According to the EU burden-sharing agreement, Sweden is required to achieve a renewable energy share of 49% by 2020. However, Sweden increased this goal to a renewable energy share of at least 50% of the total energy use.
In 2016, the government, the Moderate Party, the Centre Party, and the Christian Democrats reached an agreement on Sweden’s long-term energy policy. This agreement consists of a common roadmap for a controlled transition to an entirely renewable electricity system, with targets as follows:
- By 2030, Sweden’s energy use should be 50% more efficient than in 2005. The target is expressed in terms of energy relatively to GDP.
- By 2040, Sweden should achieve 100% renewable electricity production. This target is not a deadline for banning nuclear power, nor does it mean closing nuclear power plants through political decisions.
- By 2045, Sweden is to have no net emissions of greenhouse gases into the atmosphere; thereafter, the country should achieve negative emissions.
Progress & Operational Details
Wind energy installations in 2017 resulted in 199 MW of new capacity—significantly lower than the 605 MW installed in 2016. At the end of 2017, Sweden’s total installed capacity was 6,691 MW from 3,369 wind turbines. The total electrical energy output from wind was 17.6 TWh.
Interest is gaining around Northern Sweden, as the region exhibits many areas with high potential for wind power. Turbines in these cold climate areas face several challenges not found in areas with warmer climates, including turbine blade icing, which leads to substantial production losses and risk for falling ice.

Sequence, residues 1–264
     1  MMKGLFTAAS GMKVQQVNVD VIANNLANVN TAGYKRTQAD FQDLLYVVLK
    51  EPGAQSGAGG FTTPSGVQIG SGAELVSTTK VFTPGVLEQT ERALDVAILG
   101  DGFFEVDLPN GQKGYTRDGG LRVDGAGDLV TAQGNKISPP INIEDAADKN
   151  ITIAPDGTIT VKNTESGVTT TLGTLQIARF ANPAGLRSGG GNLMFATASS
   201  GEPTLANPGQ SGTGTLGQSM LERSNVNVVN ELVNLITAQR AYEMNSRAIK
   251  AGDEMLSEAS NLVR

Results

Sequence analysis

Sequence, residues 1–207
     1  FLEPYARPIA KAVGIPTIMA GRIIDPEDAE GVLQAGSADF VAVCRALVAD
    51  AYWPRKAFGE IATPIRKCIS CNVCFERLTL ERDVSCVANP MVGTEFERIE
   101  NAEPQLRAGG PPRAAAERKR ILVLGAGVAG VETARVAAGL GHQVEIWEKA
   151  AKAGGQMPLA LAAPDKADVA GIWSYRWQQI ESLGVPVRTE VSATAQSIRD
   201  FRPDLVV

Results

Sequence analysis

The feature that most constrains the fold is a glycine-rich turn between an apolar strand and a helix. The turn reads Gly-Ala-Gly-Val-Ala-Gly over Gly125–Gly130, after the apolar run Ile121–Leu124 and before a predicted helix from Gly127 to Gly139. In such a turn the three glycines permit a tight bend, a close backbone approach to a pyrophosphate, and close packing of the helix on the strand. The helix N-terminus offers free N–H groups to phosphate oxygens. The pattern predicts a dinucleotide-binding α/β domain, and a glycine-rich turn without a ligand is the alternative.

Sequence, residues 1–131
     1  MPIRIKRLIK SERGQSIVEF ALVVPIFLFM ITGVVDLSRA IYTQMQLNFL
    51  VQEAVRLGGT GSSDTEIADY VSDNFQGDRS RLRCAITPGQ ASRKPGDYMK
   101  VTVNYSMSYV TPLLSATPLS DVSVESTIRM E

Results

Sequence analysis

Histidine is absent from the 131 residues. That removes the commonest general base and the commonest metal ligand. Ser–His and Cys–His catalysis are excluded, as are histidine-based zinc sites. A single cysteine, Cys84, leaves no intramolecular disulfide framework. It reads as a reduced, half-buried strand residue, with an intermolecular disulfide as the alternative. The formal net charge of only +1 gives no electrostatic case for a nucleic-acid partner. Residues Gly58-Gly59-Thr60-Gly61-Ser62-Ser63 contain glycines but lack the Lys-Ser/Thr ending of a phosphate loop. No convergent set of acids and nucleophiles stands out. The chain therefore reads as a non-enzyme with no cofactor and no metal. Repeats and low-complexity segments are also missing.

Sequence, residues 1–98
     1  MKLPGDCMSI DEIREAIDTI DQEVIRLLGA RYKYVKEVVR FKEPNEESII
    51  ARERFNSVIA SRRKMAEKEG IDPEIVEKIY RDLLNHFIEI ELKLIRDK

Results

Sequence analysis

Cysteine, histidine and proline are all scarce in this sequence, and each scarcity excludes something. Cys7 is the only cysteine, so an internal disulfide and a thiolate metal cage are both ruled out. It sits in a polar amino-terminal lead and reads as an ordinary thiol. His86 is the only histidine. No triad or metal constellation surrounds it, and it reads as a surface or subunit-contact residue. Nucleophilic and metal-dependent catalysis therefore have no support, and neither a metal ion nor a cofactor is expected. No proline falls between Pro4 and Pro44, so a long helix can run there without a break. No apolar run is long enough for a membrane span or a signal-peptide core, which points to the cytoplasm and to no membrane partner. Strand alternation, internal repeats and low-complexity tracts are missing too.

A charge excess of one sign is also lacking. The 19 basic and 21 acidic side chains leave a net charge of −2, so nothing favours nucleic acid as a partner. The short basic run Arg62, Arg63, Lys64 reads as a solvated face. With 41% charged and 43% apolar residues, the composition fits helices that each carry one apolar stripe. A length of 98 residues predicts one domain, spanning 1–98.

National RDD Priorities and Budget
Four research programs carried out publicly-funded wind energy research in 2017: Vindforsk, Vindval, the Swedish Wind Power Technology Centre (SWPTC), and VindEL. All four programs were under the supervision of the Swedish Energy Agency.
The present period of Vindforsk runs from 2013-2017 with a total budget of 60 million SEK (6.2 million EUR; 6.6 million USD). Vindval is financed by the Swedish Energy Agency with a budget of 27 million SEK (2.8 million EUR; 3.0 million USD). The SWPTC runs from 2010-2018. The program is financed by industry, some universities, and the Swedish Energy Agency, with a total budget of 96 million SEK (10.0 million EUR; 10.6 million USD). The program VindEL runs from 2017-2021. It is financed by the Swedish Energy Agency and has a total budget of 133 million SEK (13 million EUR; 16 million USD).